Deadly drugs found, that’s the argument
Re: A lot can hang on whether a dog sits, Jan. 25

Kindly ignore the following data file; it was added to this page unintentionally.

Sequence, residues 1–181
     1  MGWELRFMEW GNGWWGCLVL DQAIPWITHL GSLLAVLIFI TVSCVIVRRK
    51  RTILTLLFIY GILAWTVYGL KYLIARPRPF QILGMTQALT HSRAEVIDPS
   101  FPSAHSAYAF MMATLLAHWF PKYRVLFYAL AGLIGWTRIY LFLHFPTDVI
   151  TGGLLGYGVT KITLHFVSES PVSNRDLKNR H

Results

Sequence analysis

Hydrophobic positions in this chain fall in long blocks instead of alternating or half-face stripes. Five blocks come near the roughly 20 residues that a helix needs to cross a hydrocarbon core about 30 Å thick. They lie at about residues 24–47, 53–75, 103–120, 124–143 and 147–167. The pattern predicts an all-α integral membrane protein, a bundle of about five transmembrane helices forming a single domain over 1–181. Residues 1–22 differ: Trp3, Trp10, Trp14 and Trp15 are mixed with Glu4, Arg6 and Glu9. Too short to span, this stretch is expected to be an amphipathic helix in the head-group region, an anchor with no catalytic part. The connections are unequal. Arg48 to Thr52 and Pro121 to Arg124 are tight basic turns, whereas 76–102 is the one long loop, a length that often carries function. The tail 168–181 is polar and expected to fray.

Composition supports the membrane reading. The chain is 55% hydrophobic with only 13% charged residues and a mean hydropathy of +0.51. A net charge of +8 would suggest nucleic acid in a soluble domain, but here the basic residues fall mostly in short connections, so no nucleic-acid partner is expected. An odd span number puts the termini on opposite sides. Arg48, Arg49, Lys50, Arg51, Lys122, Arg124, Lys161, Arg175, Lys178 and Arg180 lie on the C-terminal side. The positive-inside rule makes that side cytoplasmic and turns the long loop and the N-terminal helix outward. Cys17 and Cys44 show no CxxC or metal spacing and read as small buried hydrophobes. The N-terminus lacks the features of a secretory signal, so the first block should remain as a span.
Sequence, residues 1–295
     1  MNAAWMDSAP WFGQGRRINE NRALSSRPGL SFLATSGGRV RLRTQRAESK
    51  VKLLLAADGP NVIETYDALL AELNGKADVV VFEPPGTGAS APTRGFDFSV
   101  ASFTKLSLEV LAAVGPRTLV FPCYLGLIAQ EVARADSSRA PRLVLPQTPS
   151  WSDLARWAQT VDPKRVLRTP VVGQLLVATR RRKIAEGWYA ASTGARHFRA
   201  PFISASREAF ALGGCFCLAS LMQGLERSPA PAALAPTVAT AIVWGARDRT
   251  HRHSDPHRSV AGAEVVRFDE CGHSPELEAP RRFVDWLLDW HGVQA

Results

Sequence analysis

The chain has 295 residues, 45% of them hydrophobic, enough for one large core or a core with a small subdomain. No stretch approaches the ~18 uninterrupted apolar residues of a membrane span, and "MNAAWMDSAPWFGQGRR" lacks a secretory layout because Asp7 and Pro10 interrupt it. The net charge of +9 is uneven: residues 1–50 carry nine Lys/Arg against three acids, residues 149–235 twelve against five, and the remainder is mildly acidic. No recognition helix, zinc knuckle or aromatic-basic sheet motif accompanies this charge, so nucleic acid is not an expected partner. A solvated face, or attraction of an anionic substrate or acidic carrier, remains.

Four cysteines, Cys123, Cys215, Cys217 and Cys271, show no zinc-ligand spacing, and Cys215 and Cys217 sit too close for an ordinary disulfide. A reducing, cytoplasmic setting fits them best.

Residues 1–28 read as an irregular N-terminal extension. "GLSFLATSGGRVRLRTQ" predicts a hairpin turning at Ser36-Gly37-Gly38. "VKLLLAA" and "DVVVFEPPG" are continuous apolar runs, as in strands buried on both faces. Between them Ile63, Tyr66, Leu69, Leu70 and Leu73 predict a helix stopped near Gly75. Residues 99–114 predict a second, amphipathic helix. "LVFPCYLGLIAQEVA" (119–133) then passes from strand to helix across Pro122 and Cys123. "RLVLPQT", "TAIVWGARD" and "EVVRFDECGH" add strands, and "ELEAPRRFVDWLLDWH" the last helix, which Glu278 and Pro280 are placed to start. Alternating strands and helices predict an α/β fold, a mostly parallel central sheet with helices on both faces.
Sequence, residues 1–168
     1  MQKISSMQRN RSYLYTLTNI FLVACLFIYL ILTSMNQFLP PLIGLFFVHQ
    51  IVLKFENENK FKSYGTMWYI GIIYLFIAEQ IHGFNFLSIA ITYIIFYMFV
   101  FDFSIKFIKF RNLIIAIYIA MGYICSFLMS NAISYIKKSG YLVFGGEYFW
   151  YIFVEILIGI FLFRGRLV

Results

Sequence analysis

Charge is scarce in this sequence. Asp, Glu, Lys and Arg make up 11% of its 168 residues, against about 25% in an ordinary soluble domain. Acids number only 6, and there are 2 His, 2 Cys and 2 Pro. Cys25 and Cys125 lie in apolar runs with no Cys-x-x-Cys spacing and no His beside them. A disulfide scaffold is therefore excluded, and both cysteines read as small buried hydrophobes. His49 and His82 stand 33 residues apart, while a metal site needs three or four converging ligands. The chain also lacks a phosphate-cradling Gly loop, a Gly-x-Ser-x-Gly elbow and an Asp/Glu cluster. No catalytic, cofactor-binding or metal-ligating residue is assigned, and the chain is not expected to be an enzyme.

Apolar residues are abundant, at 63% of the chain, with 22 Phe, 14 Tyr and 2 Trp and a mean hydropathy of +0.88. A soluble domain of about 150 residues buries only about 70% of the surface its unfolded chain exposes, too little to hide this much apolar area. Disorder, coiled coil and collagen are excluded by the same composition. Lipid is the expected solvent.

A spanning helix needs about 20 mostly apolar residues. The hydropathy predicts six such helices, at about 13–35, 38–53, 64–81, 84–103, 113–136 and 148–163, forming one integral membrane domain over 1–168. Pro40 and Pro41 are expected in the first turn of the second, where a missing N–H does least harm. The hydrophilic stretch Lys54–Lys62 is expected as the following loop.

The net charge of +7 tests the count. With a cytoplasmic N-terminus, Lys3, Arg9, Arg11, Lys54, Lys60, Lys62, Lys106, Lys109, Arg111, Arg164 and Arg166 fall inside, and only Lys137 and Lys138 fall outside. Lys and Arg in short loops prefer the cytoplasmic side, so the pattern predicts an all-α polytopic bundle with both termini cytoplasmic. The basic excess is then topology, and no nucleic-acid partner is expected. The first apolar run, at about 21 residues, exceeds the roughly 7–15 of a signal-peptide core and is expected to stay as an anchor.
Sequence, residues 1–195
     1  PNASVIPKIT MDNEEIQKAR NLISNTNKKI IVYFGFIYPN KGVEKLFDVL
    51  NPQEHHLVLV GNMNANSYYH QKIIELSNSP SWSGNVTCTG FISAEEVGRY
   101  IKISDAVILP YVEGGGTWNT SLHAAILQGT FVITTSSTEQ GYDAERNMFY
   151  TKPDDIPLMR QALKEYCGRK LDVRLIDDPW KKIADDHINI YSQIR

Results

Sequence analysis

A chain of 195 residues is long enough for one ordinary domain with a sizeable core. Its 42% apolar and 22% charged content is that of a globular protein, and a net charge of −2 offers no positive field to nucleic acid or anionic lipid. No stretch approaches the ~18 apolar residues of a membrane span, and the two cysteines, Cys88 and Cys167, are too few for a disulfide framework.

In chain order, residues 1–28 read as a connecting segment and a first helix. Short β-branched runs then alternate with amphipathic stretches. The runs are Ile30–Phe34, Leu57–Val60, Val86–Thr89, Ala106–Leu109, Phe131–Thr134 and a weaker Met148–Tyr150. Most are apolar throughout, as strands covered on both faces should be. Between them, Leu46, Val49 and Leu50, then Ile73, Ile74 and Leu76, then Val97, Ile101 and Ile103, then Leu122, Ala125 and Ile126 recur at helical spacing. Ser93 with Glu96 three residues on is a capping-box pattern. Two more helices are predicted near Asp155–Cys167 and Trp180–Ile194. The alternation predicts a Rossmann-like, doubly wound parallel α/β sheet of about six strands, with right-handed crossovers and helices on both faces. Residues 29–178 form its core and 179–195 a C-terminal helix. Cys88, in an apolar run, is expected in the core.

If, in fact, the question for B.C. Supreme Court Justice Michael Brundrett was simply, did Doods the police dog sit or only half-sit (because there was a concrete barrier in the way), then Canadian justice is in big trouble.According to Health Canada statistics, from January to June in 2018 there were 2,066 deaths due to opioids. Around 75 per cent of those could be attributed to fentanyl. Then consider that according to MADD statistics, 2,097 lives were lost in 2014 due to accidents caused by a combination of drugs and alcohol and, in November of 2018, the Canadian government gave extended powers to the RCMP to stop and breathalyze whomever they choose.My understanding is that a dog and his handler work closely as a team and the handler can pick up on subtle messages from the dog that anyone unfamiliar might miss. And, how about giving some credit to the police officer for his instinct and experience.It is a travesty that Sandor Rigo was found not guilty and is free to carry on his illegal activities that could ultimately contribute to more Canadian deaths.Justice Brundrett, you have become part of the problem rather than the solution. Roberta Fulton, Calgary
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